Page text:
Wednesday, October 22, 2008

Dream Weaver

By Mark W. Danielson

Dreams are Utopian in nature. Here, everyone plays on a level field. The blind see, the physically challenged run, dogs catch their mailman, and pigs fly. This is the surreal dimension that lies between our conscious and unconscious realms. It’s where the brain is free from our behavioral boundaries. A place of creativity. I cannot explain why people dream, or why so few of our dreams are remembered. All I know is they happen.

Psychologists love to analyze our dreams, giving their interpretation of reason to our every unreasonable thought. Others believe our dreams can predict future events. Still others believe that dreams provide a link between the living and the dead. Again, I am no authority, but from my experience, whenever I have the presence of mind to jot down a word or two about my dream, I will nearly always remember it in vivid detail. My simple note becomes a direct link to that thought, whatever it may be, and from it, I can write about it.

Gary Wright’s song “Dream Weaver” offers yet another perspective on dreams. The song begins, “I just closed my eyes again. Climbed aboard the dream weaver train. Driver take away my worries of today. And leave tomorrow behind . . .” This song’s take on dreams is escapism, and for some this may be the case, but I prefer looking at dreams as an opportunity to get in touch with my subconscious. Whenever I write, I allow these subconscious thoughts to flow through my keyboard, bringing my characters and events to life. It’s an amazing process, if you think about it. But thinking can stifle that connection, so I simply let loose and see what happens. The result is piles of connected words and thoughts that ultimately become a story.

The joy in writing is allowing my brain the freedom to roam. I never worry about first drafts because I don’t want to deprive my characters of anything. In my current murder mystery, I was three quarters of the way through my first draft before I discovered who the assailant was. Suspense translates better that way. After all, if I’m not surprised, the reader won’t be either.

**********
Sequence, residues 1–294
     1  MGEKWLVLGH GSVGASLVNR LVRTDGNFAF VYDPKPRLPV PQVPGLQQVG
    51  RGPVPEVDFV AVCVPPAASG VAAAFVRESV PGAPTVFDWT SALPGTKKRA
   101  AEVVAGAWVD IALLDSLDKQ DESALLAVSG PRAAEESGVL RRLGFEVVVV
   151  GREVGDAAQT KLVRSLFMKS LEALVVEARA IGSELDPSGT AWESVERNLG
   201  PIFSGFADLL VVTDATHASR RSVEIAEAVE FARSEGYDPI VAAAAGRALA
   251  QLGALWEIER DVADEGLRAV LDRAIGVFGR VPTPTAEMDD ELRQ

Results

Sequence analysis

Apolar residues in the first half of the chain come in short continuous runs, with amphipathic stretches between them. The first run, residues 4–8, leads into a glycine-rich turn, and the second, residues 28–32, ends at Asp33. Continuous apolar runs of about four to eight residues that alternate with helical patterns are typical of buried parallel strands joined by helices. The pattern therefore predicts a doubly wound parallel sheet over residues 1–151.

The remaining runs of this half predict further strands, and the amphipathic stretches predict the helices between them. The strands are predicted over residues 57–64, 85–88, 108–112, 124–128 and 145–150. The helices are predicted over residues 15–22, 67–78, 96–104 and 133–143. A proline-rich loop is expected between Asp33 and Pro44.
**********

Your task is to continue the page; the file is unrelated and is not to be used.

Last week, I wrote about sleep deprivation and Beth Terrell wrote about dreams. To me, “In your dreams” is more of an opportunity than a phrase. I find I dream more when I’m away than when I’m at home. I am probably a light sleeper because my mind never shuts down, but when it does and offers me some interesting clips, I watch, listen, and allow myself to be inspired.
The above photo is of a Vision Seeker’s Dream Catcher from Peaceful Path’s Native American Crafts. In Native American legend, bad dreams become entangled within the web-like patterns of the loop and perish at the first light of dawn, whereas good dreams and thoughts pass through to the sleeper below. Perhaps I would sleep better if I packed one of these in my suitcase . . .


Beth Terrell said...

The dreamcatcher is a wonderful invention. Sometimes I think I have one in my brain. I began to suspect it when I had a dream about zombies. It started out like a horror movie, but about halfway through, some of the zombies began to show altruistic tendencies, and by the end, humans and zombies were living in harmony in a musical montage. It was like my brain said, "Oh, no. This is getting too scary. Let's do THIS instead."

I wrote about that one in the dream journal on my website.

Great post, Mark.

Mark W. Danielson said...

Beth, I think your dream journal is a great idea. Thankfully, our dreams can only last as long as our brains let us. The down side is we sometimes have enough will power to spur recurring dreams.